The Emotional Burden of Dementia & The Benefits of Communityby Amylee Amos MS, RDN, IFMCPNews
The emotional burden of Alzheimer’s disease and dementia is often overlooked. All too often, the media focuses on the exorbitant financial burden of Alzheimer’s both on the individual family and on the healthcare system in general because those numbers are so staggering, they’re sure to make a headline. The emotional burden of the disease is quieter, less flashy, but equally if not even more oppressive.
The Emotional Toll of Alzheimer’s Disease
Alzheimer’s disease takes a massive emotional toll on both the individual suffering from the diagnosis and on their loved ones. A diagnosis of Alzheimer’s disease, or even mild cognitive impairment can paralyze an entire family. There are so many questions and so few definitive answers. Informal caregivers of individuals with Alzheimer’s disease and dementia, such as a spouse or adult child, face health implications of their own. Alzheimer’s caregivers have been found to have higher rates of depression, elevated blood pressure, elevated lipid levels, and impaired immune function (1). This is one reason why we encourage the whole family to follow our Cognitive Health Program- the changes to diet and lifestyle will help many other conditions as well!
Throughout the years, we have had clients and caregivers of clients who have sought out support and community connection through local Alzheimer’s disease support groups for help in dealing with this emotional burden. Research shows that individuals facing this diagnosis and their caregivers who feel supported have less incidence of adverse health outcomes, including depression (2). Unfortunately, what sounded like such a wonderful resource, often turned into a nightmare for these clients. We have heard reports that when our clients opened up to their support group about the Bredesen Protocol and the program they had embarked on to reverse cognitive decline and regain good cognitive health, they were met with rolling of eyes, condescension, and in some cases downright anger as other group members and even group leaders bullied them and berated them with the same outdated science that there is ‘no cure and no way to reverse Alzheimer’s disease.’ Not very supportive for a support group, but unfortunately, this will always be the case when these types of groups are either directly or indirectly funded by the very people who profit from the perpetuation of this lie. The big pharmaceutical companies benefit from the myth that there is no way to prevent or reverse Alzheimer’s disease. It keeps millions of people on their prescription medications. And they have the billions of dollars to contribute to organizations that at first glance appear to be trying to help people suffering from this terrible disease.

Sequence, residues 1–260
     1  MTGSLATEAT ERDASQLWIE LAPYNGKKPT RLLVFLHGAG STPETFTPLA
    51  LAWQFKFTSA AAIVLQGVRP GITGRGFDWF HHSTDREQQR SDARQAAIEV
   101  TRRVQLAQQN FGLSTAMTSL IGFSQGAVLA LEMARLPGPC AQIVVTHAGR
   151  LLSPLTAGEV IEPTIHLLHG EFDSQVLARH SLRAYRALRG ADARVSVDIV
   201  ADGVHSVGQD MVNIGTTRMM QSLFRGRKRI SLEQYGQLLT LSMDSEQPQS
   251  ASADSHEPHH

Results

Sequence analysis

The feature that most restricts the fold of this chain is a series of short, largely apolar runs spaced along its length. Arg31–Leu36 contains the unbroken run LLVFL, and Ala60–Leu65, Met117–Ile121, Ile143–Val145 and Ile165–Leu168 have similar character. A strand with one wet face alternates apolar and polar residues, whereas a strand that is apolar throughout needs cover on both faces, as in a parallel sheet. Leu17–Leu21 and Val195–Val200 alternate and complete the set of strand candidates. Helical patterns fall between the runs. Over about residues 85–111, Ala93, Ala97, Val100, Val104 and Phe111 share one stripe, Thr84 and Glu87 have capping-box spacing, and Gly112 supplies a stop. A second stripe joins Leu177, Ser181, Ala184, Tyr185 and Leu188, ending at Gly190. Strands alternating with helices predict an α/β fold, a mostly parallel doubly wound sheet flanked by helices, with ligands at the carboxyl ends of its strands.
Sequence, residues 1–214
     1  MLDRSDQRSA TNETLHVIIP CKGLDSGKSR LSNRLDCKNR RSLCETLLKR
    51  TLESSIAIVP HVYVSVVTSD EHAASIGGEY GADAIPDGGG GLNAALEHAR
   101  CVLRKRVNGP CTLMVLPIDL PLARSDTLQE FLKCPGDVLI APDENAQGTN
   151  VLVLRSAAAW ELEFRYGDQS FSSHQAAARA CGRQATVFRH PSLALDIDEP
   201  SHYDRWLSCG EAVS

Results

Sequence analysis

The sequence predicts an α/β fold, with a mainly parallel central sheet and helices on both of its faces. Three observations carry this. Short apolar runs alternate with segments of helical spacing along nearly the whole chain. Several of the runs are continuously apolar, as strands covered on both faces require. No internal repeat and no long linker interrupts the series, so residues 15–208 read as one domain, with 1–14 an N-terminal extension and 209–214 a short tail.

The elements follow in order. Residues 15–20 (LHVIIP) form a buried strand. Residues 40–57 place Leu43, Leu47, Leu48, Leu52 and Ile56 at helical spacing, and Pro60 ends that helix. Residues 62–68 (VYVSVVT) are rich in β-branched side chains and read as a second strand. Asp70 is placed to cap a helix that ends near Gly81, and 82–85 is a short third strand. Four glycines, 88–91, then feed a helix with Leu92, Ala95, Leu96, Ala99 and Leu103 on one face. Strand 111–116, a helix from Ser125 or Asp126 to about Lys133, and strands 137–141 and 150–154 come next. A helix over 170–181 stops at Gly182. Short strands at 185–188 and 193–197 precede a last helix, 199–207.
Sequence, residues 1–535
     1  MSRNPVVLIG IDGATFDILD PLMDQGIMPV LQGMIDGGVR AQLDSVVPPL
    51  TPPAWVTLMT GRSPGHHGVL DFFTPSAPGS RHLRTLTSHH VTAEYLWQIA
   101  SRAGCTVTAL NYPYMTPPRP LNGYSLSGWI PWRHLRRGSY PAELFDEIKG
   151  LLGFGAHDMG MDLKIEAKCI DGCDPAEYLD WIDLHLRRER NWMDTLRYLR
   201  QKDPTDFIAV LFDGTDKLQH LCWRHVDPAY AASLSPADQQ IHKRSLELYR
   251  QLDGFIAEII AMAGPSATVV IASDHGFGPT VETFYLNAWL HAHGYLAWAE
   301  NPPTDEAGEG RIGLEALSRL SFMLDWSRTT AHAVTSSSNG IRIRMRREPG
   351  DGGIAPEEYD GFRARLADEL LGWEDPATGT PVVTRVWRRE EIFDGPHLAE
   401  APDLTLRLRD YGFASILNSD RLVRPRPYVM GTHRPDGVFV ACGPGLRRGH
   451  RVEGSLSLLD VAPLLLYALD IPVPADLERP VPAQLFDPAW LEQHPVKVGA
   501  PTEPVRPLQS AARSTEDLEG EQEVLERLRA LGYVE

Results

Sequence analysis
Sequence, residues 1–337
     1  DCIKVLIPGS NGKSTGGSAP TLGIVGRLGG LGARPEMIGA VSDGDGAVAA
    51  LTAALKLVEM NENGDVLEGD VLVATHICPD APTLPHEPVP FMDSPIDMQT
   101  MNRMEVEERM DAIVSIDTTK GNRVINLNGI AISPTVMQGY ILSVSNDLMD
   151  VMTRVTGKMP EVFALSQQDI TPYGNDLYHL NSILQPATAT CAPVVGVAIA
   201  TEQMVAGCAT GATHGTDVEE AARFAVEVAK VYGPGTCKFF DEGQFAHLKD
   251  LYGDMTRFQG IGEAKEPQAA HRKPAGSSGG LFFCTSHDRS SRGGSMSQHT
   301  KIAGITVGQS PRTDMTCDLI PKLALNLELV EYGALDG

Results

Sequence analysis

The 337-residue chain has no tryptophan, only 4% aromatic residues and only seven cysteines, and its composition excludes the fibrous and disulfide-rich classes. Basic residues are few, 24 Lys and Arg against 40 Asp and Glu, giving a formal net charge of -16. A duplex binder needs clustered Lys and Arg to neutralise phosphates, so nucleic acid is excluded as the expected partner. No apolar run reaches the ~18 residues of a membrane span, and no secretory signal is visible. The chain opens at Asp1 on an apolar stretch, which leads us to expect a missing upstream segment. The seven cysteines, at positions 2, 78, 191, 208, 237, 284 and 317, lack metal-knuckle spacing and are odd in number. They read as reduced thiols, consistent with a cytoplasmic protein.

Amos Institute Office Hours
We at the Amos Institute saw a unique need for those suffering from or at risk of Alzheimer’s disease and their families. The benefits of community support are indisputable, but seem unsuitable for anyone going against the unfounded, outdated and supposed “gold standard” of treatment (which is, to do nothing except take some medications and then wait to get slowly worse until you die). We needed a form of community support for individuals who chose to take their health into their own hands and do everything possible to prevent and reverse their cognitive decline. To fill this need, we created our weekly Office Hours.
Office Hours are a chance for our community of proactive, dedicated, and hard working individuals to connect. Throughout the week, participants of our Cognitive Health Program write in questions about the implementation of the many nutrition and lifestyle changes that they need to make on the Bredesen Protocol, they write in successes and challenges that they have had throughout the week, they write in to share recipes and products that meet the nutritional parameters of their nutrition plan, and they share words of encouragement to one another. During our weekly Office Hours session, our Amos Institute practitioner shares all of the entries that we’ve had from our community over the week. Participants listening in can hear their questions answered, as well as hear about the goings on of the rest of our community. Our participants get to connect with a community of people all in the same situation that they are in, and they do this all from the privacy and comfort of their home.
Community support such as this has been shown in the research to be beneficial for individuals with and at risk of cognitive decline, as well as their caregivers because it provides a unique level of social connectivity, while maintaining anonymity. In other words, the Office Hours model allows you to connect with and seek support from other people undergoing similar challenges and struggles that you face, all while protecting your confidentiality and allowing you to connect regardless of your time zone or personal schedule.
If you feel that you would benefit from the support and connectivity from our Amos Institute community, join our Cognitive Health Program today.
- Burns, A. (2000) The burden of Alzheimer's disease. International Journal of Neuropsychopharmacology, 3(2), S31–S38.
- Mittelman, M.S., Roth, D.L., Coon, D.W., & Haley, W.E. (2004). Sustained Benefit of Supportive Intervention for Depressive Symptoms in Caregivers of Patients With Alzheimer’s Disease. American Journal of Psychiatry, 161(5), 850-856.
- Colvin, J., Chenoweth, L., Bold, M. & Harding, C. (2004), Caregivers of Older Adults: Advantages and Disadvantages of Internet‐based Social Support. Family Relations, 53: 49-57.